Health Savings Accounts

Did you know that you can fund medical expenses and save taxes at the same time? Tax rules include multiple programs providing tax advantages to offset qualified medical expenses. One of the most common and easy-to-implement programs is a Health Savings Account (HSA).


HSA contributions can be made by an eligible individual or any other person, including an employer or a family member. No permission or authorization from the IRS is necessary to establish an HSA with a qualified trustee, such as a bank or an insurance company.


What are the benefits of a HSA?


  1. Tax Deduction

You can claim a tax deduction for contributions you, or someone other than your employer, make to your HSA even if you do not itemize your deductions on IRS Form 1040. Contributions to your HSA made by your employer (including contributions made through a cafeteria plan) may be excluded from your gross income.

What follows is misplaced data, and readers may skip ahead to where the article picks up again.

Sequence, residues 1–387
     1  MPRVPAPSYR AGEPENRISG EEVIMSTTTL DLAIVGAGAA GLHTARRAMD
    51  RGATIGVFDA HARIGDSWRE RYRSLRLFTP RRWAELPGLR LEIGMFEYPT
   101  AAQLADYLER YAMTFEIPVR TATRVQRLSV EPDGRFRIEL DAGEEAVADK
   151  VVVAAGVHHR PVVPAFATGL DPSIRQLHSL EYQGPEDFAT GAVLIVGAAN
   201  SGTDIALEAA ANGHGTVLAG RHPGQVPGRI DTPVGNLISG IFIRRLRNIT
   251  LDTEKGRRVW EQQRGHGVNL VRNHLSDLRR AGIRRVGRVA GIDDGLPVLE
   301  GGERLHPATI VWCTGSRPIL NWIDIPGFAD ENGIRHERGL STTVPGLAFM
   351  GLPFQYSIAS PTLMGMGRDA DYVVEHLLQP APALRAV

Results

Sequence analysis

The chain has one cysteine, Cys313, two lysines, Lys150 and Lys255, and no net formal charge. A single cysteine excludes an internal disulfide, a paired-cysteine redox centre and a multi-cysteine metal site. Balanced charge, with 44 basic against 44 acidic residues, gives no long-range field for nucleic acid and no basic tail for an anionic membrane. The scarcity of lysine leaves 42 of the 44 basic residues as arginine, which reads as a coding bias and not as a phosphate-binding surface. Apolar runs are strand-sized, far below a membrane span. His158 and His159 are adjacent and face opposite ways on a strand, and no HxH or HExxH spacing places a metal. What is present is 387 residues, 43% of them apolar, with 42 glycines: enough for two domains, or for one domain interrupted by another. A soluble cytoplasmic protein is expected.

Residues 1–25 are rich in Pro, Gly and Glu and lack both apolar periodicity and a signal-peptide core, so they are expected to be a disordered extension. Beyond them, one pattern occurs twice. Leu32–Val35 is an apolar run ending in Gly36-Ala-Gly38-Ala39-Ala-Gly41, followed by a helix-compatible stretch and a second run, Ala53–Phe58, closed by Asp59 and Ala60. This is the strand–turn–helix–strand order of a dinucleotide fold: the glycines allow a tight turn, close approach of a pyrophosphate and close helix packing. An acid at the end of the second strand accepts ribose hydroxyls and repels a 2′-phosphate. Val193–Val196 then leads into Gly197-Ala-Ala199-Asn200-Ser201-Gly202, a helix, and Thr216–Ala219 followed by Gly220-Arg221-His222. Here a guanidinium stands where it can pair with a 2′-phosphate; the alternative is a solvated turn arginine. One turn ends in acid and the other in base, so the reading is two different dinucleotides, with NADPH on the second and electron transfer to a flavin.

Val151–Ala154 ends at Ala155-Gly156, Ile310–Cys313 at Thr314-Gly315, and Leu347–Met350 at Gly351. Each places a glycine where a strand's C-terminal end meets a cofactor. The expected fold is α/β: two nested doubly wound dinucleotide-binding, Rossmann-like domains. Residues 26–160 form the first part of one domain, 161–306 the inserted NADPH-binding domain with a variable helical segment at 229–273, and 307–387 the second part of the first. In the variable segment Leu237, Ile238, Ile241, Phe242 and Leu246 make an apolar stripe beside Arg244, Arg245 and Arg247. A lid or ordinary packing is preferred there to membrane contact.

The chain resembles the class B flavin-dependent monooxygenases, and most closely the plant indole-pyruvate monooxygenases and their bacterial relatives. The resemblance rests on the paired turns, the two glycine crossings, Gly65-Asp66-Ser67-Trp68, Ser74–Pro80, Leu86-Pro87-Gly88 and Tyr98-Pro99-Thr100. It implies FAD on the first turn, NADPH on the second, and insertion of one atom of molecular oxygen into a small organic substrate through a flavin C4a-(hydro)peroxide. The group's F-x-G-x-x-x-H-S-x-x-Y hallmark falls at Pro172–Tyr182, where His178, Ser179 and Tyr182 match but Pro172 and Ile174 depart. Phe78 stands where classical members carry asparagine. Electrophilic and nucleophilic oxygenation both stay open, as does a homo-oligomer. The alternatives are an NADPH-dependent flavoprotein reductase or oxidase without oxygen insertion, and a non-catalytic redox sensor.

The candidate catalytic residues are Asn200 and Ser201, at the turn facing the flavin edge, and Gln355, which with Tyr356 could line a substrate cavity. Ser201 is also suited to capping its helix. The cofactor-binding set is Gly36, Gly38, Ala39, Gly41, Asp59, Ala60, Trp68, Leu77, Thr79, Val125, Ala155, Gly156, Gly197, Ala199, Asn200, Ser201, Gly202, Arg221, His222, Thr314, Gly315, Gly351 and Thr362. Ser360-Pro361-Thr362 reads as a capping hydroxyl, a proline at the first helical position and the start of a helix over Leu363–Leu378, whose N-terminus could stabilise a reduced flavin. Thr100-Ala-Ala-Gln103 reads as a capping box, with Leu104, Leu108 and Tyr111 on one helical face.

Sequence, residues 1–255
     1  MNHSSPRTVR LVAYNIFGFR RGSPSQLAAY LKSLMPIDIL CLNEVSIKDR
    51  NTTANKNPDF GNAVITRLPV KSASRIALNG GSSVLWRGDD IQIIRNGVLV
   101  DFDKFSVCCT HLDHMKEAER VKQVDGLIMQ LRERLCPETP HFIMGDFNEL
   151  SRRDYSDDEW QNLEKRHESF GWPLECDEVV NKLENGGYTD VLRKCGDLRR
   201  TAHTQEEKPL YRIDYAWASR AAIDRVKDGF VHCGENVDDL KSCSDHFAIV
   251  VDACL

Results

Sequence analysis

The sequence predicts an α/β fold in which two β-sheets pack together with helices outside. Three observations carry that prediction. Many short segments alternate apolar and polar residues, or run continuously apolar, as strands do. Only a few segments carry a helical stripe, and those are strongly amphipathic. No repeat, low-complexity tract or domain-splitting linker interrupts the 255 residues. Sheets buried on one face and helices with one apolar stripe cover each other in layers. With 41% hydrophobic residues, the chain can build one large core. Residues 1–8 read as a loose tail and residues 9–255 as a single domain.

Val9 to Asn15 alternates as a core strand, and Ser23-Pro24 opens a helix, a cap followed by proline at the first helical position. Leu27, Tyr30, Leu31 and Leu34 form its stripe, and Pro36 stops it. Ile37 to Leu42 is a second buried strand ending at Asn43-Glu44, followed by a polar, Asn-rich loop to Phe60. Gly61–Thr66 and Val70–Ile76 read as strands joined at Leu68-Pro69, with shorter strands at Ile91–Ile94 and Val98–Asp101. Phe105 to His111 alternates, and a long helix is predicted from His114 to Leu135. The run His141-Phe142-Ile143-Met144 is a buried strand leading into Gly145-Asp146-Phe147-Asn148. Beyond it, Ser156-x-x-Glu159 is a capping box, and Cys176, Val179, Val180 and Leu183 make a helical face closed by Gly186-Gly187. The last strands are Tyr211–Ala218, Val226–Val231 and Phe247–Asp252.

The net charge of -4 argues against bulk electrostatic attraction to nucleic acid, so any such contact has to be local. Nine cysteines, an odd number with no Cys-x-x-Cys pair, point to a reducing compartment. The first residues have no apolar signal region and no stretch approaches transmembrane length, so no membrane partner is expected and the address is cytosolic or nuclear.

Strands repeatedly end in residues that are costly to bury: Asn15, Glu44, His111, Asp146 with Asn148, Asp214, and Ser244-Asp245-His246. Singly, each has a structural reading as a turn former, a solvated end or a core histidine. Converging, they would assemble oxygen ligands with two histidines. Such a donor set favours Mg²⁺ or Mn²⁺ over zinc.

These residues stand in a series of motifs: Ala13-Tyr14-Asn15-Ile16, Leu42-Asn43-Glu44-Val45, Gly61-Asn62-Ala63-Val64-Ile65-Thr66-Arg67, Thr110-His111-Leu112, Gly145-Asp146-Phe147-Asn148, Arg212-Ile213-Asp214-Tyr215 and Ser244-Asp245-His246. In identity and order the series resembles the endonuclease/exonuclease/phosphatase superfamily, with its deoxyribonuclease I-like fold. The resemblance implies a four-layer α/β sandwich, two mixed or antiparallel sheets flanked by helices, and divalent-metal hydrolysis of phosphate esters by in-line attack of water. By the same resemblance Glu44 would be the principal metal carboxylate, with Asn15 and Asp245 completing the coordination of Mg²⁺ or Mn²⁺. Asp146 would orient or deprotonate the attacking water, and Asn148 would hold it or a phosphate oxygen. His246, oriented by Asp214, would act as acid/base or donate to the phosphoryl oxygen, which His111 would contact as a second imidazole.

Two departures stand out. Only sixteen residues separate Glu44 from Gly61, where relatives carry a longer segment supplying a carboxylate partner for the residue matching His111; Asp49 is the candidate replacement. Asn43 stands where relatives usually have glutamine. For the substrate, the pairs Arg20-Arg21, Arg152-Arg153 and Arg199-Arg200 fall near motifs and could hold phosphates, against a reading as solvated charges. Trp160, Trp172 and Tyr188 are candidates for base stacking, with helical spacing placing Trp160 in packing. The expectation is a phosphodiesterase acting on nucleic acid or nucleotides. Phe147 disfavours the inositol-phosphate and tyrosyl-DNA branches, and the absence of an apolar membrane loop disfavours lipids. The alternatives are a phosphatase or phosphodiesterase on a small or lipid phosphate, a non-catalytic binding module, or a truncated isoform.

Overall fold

1. Tax Free Rollovers to Next Year

The contributions remain in your account until you use them. The interest earnings on account assets are tax free.


  1. Tax Free Distributions

Distributions may be tax free if used for qualified medical expenses. Qualified medical expenses are expenses that would generally qualify for the medical and dental expenses deduction. Expenses incurred before you establish your HSA are not qualified medical expenses. State law determines when an HSA is established.


Who is eligible for a HSA?


Individuals eligible to qualify for an HSA must meet certain requirements, which can get pretty complicated. In general, eligible individuals must:


  • Be covered under a high deductible health plan (HDHP).
  • Have no other health coverage.
  • Not enrolled in Medicare.
  • Cannot be claimed as a dependent on another taxpayer’s tax return.


Need more details? The IRS has them for you at